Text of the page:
Changing with the Times, Eighty Years On

Wilson Truck Lines
Written by Mark Golombek

Wilson Truck Lines of Etobicoke, Ontario has a cherished history that began in 1937, making it one of the oldest trucking companies in Canada. It currently has two locations with 225 employees and is privately owned to this day. We spoke to Jim Wilson, the owner and chief executive officer and Marc Mousseau, President and C.O.O. about their competition, challenges and rebranding.
Wilson Truck Lines was founded by Jim’s grandfather John Wesley Wilson in 1937. The company began with a few trucks hauling fresh produce from the Holland Marsh area. The Wilson family had a farm and was trying to find ways to take produce to market. When the company acquired a few more trucks, additional goods were taken to different markets from other farmers in the area.

Carl Herbert Wilson took the company over in 1949, and during the war, it hauled aircraft material and equipment, doing its part in aiding the war effort. In 1950, the transportation of goods into Northern Ontario began seeing loads move over the road and all northern roads at that time were gravel.

“At that time, produce was moving to Northern Ontario by train. Wilson was the first carrier to go over the road into Northern Ontario to places such as Sudbury and Sault Ste. Marie. This happened during the 1950s,” says Jim.

Jim bought the company from his father Carl in 1981. At that time, grocery chains A&P and Dominion were the primary clients. In 1985, A&P bought Dominion and in 1989, A&P bought Miracle Food Mart and Ultra Food & Drug.

Deregulation hit Ontario in the eighties, opening the industry to more operators. “This provided us with a great opportunity for growth. Back before deregulation, everybody needed permits and licences for different areas. We had them all. At one point, A&P dealt with many companies, but once deregulation hit, we assumed all of that. They went from twenty-plus companies, down to one – us,” says Jim.

In 1999, Wilson signed its first official ten-year contract with A&P Canada and in 2005, A&P was bought out by Metro Inc. Successful negotiations in late 2009 secured a new ten-year agreement that took effect in 2010.

Now in its eightieth year, Wilson is celebrating with a fresh look and a new logo. A marketing campaign will be underway in the fall of 2017. By putting out the new logo, Wilson is showing that it is here for the long haul. It is making the right investments in equipment and its employees, and part of that is to debut the new logo and marketing campaigns.

The entire company-based fleet will be replaced with new 2018 Volvo I-shift tractors in early October. The company will also be replacing its shunt tractor fleet with new equipment to accommodate all of the shunting work at all of Metro’s warehouses. A shunt tractor, or terminal tractor as it is also known, is a type of vehicle that moves semi-truck trailers around cargo yards at shipping facilities.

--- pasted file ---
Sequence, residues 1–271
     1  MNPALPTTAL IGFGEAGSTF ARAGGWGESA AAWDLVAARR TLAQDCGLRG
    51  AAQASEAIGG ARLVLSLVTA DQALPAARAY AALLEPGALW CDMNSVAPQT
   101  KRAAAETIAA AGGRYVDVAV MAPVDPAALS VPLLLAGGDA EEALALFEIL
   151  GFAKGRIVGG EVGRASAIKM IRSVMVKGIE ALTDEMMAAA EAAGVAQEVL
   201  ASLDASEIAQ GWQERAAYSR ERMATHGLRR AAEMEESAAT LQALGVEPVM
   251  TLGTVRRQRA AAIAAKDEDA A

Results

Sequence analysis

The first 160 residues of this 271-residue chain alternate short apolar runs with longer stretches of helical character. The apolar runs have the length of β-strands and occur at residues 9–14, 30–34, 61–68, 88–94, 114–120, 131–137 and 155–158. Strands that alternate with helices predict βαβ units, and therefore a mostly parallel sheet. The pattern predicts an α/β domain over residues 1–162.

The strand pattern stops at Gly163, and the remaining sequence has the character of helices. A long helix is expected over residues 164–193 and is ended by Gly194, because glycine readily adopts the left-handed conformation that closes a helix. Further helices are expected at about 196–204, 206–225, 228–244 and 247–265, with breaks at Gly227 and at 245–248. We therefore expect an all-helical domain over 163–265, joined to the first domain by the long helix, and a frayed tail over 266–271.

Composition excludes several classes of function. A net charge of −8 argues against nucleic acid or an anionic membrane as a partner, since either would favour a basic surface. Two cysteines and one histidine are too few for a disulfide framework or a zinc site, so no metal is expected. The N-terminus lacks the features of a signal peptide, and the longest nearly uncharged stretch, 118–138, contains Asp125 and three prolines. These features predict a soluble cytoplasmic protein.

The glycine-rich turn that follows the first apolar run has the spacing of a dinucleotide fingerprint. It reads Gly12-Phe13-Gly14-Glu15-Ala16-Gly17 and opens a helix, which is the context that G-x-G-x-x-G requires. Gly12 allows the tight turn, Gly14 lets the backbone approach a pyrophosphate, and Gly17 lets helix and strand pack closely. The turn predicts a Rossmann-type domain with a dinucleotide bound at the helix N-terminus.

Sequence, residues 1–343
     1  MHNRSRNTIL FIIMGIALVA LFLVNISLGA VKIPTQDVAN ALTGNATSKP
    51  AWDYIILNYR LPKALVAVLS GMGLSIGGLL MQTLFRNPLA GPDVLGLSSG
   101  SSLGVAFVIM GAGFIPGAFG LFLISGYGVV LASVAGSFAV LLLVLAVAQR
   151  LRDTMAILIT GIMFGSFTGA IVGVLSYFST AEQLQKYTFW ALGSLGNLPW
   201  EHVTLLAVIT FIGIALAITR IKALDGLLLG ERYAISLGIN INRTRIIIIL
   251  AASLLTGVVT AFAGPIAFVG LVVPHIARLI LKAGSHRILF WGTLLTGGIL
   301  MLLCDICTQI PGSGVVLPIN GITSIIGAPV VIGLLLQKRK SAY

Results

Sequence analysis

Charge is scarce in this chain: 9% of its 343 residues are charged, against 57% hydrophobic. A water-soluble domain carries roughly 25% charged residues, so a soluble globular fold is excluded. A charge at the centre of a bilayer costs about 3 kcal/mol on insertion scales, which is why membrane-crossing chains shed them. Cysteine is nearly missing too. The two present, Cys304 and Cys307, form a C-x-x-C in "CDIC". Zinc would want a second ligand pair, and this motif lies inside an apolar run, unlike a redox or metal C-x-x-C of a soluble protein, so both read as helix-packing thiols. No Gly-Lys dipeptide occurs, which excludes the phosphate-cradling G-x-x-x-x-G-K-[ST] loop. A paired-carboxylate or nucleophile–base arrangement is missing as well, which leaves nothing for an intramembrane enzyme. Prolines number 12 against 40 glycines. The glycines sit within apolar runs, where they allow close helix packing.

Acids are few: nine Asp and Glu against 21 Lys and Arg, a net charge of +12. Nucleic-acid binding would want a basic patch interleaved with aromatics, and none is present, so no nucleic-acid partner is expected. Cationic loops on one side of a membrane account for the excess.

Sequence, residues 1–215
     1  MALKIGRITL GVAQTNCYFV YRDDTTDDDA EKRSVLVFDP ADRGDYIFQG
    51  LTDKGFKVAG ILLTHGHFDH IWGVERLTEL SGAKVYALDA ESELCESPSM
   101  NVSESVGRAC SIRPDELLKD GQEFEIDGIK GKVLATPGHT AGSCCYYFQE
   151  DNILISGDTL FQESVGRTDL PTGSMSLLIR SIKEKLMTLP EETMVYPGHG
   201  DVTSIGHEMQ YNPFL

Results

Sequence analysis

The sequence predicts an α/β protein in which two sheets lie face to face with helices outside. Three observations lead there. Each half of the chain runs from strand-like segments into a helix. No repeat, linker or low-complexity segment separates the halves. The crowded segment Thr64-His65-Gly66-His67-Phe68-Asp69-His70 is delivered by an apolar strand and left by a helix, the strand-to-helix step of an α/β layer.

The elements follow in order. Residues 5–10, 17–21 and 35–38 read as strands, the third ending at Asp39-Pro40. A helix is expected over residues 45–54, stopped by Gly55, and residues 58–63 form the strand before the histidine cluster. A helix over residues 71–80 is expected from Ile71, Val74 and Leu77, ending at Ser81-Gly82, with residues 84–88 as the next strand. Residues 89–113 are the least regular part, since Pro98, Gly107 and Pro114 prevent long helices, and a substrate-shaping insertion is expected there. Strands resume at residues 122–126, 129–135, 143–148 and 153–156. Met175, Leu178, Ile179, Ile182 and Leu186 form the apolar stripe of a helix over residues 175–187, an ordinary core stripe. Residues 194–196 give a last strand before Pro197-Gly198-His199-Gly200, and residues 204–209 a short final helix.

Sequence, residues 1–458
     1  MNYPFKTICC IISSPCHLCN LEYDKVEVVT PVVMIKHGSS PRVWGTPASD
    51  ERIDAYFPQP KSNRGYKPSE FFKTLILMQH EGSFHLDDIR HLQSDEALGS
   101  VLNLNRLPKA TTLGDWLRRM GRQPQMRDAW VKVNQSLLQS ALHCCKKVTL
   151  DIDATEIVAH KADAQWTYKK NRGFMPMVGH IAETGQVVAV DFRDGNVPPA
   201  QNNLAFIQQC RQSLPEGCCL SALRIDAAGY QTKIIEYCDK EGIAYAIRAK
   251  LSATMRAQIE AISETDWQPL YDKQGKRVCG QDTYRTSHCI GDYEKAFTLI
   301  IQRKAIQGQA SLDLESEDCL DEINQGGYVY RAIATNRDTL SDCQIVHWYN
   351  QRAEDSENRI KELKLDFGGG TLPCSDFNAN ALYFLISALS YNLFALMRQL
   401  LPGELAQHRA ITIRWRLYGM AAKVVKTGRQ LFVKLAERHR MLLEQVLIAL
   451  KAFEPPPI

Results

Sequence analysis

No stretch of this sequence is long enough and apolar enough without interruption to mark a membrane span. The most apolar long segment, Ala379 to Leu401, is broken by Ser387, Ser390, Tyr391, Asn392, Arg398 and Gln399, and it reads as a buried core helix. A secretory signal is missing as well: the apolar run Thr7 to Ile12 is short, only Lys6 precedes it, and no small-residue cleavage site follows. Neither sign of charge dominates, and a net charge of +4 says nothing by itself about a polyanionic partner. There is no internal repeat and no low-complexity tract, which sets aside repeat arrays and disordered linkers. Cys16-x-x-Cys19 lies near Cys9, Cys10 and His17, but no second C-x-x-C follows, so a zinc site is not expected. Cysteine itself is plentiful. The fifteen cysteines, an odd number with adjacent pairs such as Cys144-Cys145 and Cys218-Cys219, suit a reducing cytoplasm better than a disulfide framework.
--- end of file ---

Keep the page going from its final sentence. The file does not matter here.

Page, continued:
“We plan to be around for a long time and our priority is to continue working with Metro. We have a tremendous relationship and our partnership speaks volumes to our success,” says Marc Mousseau.

The company has competition. However, Jim and Marc believe that no one serves the food-directed market as well as Wilson’s.

“Cost is everything these days. People are always looking to do things bigger, better and cheaper, so it’s important for us to stay ahead of the game. We have state-of-the-art processes and systems. We don’t take that lightly and we recognize that the future is driven on systems and technology, so you can’t be resting on your laurels,” says Marc.

Wilson’s systems allow the company to share information with its customers. Communicating better electronically can eliminate errors and increase efficiencies. It also provides Wilson with the accurate information needed to get the loads out on time.

The company motto, “We never say no,” is very true for Wilson’s. It works hard to accommodate all of its customers’ expectations.

“As potential business comes our way, we look at everything. We are selective in making sure that what we do today, will not be hampered by what we could do tomorrow for a different customer. In other words, we will not jeopardize what we do on the dedicated side with Metro, to go get an account that could cause us to fail there. As much as we want to grow, we are aware that Metro is the main focus of our operation,” says Jim.

The company fleet is composed of company drivers and independent owner/operators who are hired by Wilson’s full-time. The company also deals with various third-party agencies and cartage companies. “This is to have the flexibility needed to properly service our accounts as their volumes fluctuate day to day. Wilson’s focus is to continue to perform at a level that sustains the existing relationship with Metro and any further growth they may have.”

Another goal is to provide a more health-conscious environment for its employees and drivers. Part of the eightieth-anniversary celebration includes lifestyle coaching. The company wants everyone to be aware of how important it is to be healthy.

“We also want to be environmentally friendly, like most other companies. This is another reason for the new equipment. It has up-to-date 2017 emission standards. As green as it gets!” says Marc.

The company recognizes employees and drivers annually with driver safety awards and accident-free recognition awards. “We have a million-mile club. Some drivers have over three million accident-free miles, so we have an event every year for that group, which grows every year,” says Jim.



To Make a Northwest Passage

Read Our Current Issue


From Here to There

April 2024

Peace of Mind

March 2024

Making the Smart Grid Smarter

February 2024

More Past Editions